I agree with the above. But points are deducted if a spotter is present, not if they are used.
As for why is it not a sport.. well, Title IX, when it came out, basically said schools were using Cheerleading funding to prevent them from funding women's sports, and demanded equal expenditure for womens sports. That was a good idea then, in 1972, when cheerleading was just standing on the side and waving pom-poms. Now, it's a bunch of tumbling, gymnastics, basket tosses and.. competitions. Before the mid 80s, there were no competitions, enter.. Varsity.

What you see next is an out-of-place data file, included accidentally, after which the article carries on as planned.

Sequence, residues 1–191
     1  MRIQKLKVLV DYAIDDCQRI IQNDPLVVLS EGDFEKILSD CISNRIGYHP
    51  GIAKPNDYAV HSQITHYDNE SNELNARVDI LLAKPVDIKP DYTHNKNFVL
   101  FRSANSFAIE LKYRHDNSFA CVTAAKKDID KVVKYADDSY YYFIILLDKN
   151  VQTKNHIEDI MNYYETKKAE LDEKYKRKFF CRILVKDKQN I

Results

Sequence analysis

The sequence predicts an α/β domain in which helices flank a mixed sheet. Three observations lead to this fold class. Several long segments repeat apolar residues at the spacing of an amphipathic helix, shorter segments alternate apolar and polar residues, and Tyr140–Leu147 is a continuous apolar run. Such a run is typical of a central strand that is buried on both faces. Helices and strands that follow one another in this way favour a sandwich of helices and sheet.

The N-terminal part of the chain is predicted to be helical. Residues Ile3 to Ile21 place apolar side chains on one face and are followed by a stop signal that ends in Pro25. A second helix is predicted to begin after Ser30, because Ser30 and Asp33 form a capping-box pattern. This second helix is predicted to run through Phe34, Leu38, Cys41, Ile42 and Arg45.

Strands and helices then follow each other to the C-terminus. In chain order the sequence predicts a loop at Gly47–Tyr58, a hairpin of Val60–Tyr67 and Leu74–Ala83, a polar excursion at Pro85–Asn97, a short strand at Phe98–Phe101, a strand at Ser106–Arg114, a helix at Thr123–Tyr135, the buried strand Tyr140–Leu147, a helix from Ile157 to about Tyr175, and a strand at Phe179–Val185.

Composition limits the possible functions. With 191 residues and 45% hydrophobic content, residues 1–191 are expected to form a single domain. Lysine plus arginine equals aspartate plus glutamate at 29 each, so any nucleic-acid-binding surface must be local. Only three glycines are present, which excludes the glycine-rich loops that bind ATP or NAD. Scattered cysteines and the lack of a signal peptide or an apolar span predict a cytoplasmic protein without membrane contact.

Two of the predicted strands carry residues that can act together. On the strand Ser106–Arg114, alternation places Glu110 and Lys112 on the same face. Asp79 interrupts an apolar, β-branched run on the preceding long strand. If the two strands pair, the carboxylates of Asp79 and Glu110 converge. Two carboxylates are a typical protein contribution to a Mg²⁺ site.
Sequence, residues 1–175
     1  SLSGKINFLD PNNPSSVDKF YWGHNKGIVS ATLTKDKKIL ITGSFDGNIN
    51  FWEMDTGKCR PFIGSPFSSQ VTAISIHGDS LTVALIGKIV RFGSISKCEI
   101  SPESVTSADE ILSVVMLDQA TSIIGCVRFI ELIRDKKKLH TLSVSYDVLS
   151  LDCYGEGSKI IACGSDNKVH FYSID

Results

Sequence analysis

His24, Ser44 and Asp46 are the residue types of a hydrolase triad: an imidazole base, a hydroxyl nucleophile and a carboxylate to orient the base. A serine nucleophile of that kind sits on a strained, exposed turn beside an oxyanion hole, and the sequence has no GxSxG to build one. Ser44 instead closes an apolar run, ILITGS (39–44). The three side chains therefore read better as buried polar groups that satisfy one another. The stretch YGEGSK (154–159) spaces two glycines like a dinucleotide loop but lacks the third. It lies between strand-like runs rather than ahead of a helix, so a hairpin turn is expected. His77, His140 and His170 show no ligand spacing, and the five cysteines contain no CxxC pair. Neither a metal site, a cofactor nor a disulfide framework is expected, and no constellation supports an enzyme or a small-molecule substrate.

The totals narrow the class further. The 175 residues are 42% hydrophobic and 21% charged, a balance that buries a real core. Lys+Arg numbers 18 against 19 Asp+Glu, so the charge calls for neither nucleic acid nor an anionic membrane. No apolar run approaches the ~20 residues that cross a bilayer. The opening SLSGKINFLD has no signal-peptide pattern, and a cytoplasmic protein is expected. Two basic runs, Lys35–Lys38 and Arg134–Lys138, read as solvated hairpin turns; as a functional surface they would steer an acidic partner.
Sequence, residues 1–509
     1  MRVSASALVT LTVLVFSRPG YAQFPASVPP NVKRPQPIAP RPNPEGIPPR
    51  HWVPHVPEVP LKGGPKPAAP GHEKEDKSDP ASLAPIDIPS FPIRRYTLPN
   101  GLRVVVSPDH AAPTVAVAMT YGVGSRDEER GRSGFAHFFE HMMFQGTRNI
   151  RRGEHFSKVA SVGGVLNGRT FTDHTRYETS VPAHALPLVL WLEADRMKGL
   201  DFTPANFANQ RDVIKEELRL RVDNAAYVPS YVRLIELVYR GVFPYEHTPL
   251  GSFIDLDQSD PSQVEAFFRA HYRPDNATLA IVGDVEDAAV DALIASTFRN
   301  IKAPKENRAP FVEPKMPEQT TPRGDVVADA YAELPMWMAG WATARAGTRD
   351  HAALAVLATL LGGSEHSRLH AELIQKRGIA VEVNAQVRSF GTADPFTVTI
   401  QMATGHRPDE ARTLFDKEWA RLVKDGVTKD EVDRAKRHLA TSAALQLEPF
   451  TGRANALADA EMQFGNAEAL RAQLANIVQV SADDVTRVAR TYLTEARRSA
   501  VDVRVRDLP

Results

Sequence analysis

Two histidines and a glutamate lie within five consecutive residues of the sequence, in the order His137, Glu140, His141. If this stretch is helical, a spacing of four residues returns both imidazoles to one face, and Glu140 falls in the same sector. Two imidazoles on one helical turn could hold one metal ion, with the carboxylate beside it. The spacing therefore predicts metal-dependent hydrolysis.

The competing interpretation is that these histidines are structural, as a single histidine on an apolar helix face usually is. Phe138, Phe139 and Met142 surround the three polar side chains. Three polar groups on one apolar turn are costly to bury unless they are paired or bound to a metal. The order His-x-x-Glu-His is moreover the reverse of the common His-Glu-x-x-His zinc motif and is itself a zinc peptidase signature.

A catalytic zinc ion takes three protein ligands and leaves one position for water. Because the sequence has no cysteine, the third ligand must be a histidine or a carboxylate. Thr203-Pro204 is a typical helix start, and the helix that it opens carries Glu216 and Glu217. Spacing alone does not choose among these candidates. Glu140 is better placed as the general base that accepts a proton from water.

And that's the other reason why it isn't a sport.. Varsity, who runs all the governing bodies, sells all the uniforms, certifies coaches and runs thousands of summer camps has fought to keep it from being a sport. Why? Because if it's a sport, it has to report to a state level athletic association. Coaches would have to pass a basic PE Certification, requiring them to know CPR and emergency care.. something that isn't at all required now. And, even worse.. if it's controlled by a state athletic association, then USASF becomes irrelevent as a governing body, and the fees paid to them go away. And for Varsity, "National" tournaments go away because if you're a sport you only compete within your own state, with exceptions only by exemption. (ie, do you ever see a state champion football team in florida flying to Alabama to play a game there? No.) Varsity runs 66 national cheerleading tournaments. I did a quick run of the math, and the fees alone they collect from these tourneys is between 12-16 million. If Cheerleading was a sport, none of these tournaments would exist. State only tournaments would exist... and they couldn't charge entry fees beyond cost. Entry fees in some national tournaments under Varsity is up to a few hundred dollars PER KID. If it was run by a state, the maximum fee would probably be that -per team-